Dietary sugar changes the composition of the gut bacteria promoting colitis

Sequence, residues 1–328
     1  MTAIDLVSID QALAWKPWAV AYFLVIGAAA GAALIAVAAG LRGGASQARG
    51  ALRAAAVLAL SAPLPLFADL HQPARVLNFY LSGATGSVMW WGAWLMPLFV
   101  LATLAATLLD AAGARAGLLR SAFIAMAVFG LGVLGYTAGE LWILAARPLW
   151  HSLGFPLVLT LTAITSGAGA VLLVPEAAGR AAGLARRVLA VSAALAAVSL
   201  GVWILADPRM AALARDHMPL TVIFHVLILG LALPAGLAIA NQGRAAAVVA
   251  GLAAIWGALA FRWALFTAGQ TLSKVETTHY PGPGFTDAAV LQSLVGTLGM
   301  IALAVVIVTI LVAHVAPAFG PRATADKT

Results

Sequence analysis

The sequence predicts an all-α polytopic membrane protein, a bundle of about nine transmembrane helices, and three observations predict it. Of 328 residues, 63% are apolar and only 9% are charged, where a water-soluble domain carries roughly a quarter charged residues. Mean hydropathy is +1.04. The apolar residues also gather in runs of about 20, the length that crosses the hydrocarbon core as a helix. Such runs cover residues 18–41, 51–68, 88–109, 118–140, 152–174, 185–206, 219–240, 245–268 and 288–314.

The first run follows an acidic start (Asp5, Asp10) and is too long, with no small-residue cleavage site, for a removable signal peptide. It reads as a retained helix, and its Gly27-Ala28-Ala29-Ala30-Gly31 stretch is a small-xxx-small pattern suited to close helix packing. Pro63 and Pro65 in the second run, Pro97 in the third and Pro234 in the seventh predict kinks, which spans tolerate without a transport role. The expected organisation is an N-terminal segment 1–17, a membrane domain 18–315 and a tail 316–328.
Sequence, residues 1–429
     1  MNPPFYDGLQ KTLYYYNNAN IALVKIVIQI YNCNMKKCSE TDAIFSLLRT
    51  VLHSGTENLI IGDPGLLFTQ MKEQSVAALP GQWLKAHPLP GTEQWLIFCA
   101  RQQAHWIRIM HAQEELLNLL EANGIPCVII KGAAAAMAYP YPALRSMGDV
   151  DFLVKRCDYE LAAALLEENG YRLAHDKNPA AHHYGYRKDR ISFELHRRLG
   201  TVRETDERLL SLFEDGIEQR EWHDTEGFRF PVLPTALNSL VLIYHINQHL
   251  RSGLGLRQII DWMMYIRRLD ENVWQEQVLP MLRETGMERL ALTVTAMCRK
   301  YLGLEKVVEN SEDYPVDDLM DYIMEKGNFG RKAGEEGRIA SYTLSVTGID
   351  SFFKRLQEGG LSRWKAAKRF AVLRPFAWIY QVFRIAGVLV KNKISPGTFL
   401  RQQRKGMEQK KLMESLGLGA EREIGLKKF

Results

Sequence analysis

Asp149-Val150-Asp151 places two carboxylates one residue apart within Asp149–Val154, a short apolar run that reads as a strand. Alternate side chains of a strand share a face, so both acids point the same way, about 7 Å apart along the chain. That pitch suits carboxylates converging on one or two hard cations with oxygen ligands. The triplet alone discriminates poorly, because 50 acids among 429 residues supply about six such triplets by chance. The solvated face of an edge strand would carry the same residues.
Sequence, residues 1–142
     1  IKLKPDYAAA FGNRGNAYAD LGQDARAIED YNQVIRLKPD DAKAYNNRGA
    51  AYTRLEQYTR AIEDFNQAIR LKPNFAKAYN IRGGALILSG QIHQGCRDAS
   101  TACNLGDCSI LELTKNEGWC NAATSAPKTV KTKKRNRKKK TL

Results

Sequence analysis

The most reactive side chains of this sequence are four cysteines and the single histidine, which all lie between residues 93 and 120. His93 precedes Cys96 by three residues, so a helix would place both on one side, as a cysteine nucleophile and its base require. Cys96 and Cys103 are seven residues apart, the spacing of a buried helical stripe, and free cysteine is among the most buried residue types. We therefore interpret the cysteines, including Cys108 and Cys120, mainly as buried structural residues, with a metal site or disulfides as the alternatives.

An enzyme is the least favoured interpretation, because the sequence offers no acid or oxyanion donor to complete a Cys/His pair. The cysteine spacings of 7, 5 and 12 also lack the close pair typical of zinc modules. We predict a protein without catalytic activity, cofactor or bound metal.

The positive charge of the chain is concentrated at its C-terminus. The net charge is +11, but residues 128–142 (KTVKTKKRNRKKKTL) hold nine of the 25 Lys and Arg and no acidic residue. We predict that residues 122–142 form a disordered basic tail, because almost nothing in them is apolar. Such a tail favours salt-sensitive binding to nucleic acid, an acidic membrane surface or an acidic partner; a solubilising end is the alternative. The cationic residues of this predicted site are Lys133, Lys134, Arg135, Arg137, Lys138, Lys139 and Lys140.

As the holiday season approaches, we might be looking forward to some comfort food, but recent research reminds us to go easy on the sweets. Already an obvious culprit for the high prevalence type II diabetes, evidence is mounting to suggest sugar-rich Western-style diets are also linked to gut disorders, particularly inflammatory bowel disease (IBD). Tests in mice suggest one possible way sugar might cause trouble, by altering the community of microorganisms, or microbiome, inside the gut. Mice fed a sugar-rich diet possess higher levels of harmful gut bacteria, known to degrade the protective mucus layer lining the colon (pictured, with gut cell nuclei in blue, bacteria in red and mucus in green), and are also more susceptible to colitis, a form of IBD. Despite differences between the microbiome in humans and rodents, investigating links between diet, gut bacteria and IBD could reveal new insights into this increasingly common disorder.
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